23 Feb 19
Beside its status as the unlikeliest likely winner of the Best Picture Academy Award this Sunday, “Roma” is certainly the most talked-about production made in Mexico with U.S. money.
Alfonso Cuaron’s 10 Oscars-nominated, artful recreation of everyday life in 1970s Mexico City is far from the only one, though. Production in Mexico is expanding at a remarkable pace, thanks to changes in how Americans, and the rest of the world, consume entertainment – and to current economic and political trends between the neighboring countries.
Streaming giant Netflix – which bought “Roma” from Beverly Hills-based Participant Media and has reportedly spent much more than the film’s $15 million production budget on its lavish awards campaign – announced earlier this month that it’s opening an office in Mexico City and getting involved with oodles of new Mexican TV shows and movies.
” ‘Roma’ is an incredible story from Mexico that has connected with audiences around the world, and it is one of the many incredible Mexican stories we are so fortunate to have on Netflix,” Erik Barmack, Netflix’s Vice President of International Originals, told SCNG. “We have been investing in Mexico since our launch there in 2011, first with licensed content, and four years ago, we began our local production strategy in Mexico with ‘Club de Cuervos.’ Since then, we have only continued to expand our local investment and continue to bet on Mexican talent with more than 50 projects in different stages of production over the next two years.”
A scene from CLUB DE CUERVOS, Netflix’s first original Mexican series. Photo courtesy Netflix.
While the soccer dramedy “Cuervos” shows one side of Mexico’s diverse culture, another Netflix series, “Narcos: Mexico,” depicts another, darker one. One of the latter’s stars, Diego Luna (who got his big, international break in Cuaron’s 2001 “Y Tu Mamá También”), praised Netflix for the diversity and cultural authenticity it encourages at the FORO (forum) event in Mexico City two weeks ago, where the streaming service announced it local initiatives.
NARCOS: MEXICO star Diego Luna. Photo courtesy Netflix.
“Roma,” the actor thought, was a prime example of those qualities.
“I’m so excited, and I think we all are in Mexico, for the contribution of the film in terms of cinematic history and the celebration of a film that is in Spanish and Mixteco, in black-and-white, and that is a very specific story of this country and has had a chance to screen everywhere,” Luna said.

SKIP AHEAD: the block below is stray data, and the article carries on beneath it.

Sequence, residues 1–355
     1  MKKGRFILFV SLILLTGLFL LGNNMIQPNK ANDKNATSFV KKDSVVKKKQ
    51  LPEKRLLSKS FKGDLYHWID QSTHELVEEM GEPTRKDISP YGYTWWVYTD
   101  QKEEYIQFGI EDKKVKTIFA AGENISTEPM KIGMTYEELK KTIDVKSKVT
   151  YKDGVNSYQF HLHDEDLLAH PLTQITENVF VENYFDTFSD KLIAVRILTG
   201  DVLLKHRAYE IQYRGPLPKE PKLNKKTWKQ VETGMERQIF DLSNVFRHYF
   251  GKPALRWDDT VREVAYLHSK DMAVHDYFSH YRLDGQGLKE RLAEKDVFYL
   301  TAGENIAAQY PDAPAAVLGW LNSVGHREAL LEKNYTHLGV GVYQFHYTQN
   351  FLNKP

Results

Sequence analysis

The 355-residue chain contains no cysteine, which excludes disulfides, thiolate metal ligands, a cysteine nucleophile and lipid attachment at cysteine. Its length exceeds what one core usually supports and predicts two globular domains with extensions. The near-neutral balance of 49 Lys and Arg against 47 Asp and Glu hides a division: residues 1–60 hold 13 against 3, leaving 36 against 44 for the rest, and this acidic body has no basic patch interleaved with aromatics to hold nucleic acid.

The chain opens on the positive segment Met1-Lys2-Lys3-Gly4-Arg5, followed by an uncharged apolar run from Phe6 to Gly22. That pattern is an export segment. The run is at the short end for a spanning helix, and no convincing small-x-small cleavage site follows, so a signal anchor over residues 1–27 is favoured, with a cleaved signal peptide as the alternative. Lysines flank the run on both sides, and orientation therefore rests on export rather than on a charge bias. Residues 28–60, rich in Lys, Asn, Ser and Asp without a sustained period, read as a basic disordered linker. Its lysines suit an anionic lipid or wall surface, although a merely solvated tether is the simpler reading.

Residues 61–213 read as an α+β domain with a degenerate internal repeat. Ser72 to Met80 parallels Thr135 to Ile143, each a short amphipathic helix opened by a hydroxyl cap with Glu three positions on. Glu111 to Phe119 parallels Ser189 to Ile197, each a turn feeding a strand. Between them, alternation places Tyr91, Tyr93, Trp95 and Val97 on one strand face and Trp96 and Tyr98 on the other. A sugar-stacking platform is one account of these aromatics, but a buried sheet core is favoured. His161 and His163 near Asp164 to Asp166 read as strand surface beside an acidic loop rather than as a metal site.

Such cultural specificity hasn’t always been a hallmark of American-backed productions in Mexico. The cross-border collaboration may have begun, in 1914, with future Hollywood director Raoul Walsh heading south to shoot a docudrama about revolutionary leader Pancho Villa (the bandit hero got a 20 percent cut of “The Life of General Villa” for his cooperation). But it inevitably became more of an Americans-abroad-focused thing, like such classics as “The Treasure of the Sierra Madre” (1948) and “The Wild Bunch” (1969).
“Most of the films that have been done about Mexico, as I point out in the book, are usually about Americans or foreigners in Mexico,” observed Luis I. Reyes, whose recently published “Made in Mexico: Hollywood South of the Border,” is a comprehensive trove of facts on U.S.-backed productions there.
“Very few films about Mexicans themselves, as with ‘Roma,’ were made. I think that’s where it will go. Everyone’s going to want to find the next Cuaron or Inarritu or del Toro,” Reyes added, name-checking the Mexican directors of “Gravity,” Birdman,” “The Revenant” and “The Shape of Water,” who won four of the last five Directing Oscars. “Gravity’s” Cuaron is the odds-on favorite to win that prize again this year.
Prestige isn’t the only reason for investing in more Mexican productions. Mexico City, home of the big and fabled Estudios Churubusco movie studio, is the fourth largest TV and filmmaking center on the continent and the largest in Latin America. It’s cheaper to make shows there than in the States, of course, and according to the production incentive adviser Entertainment Partners’ website, Mexico offers foreign producers a refund or exemption on the country’s 16 percent value-added tax if they partner with a local production company.
And for at least one American maker of Spanish-language programming, there’s even a current political motivation for making shows in Mexico.
“The dynamic that’s going on, which I think is interesting, is that for the last 15 years, I’ve built a business bringing in talent from Mexico that I couldn’t find in the U.S., both production and acting talent, and producing the shows in the U.S.” explained Lenard Liberman, the CEO of LBI Media, the parent company to Burbank-based, Spanish-language EstrellaTV Network. “But the Trump presidency has made it very, very difficult to get visas now. What used to take a month or three weeks now takes six months or a year or does not get done at all. So we recently started producing one of our shows in Mexico (“100 Latinos Dijeron,” a version of the “Family Feud” game show), with Fremantle Media Mexico.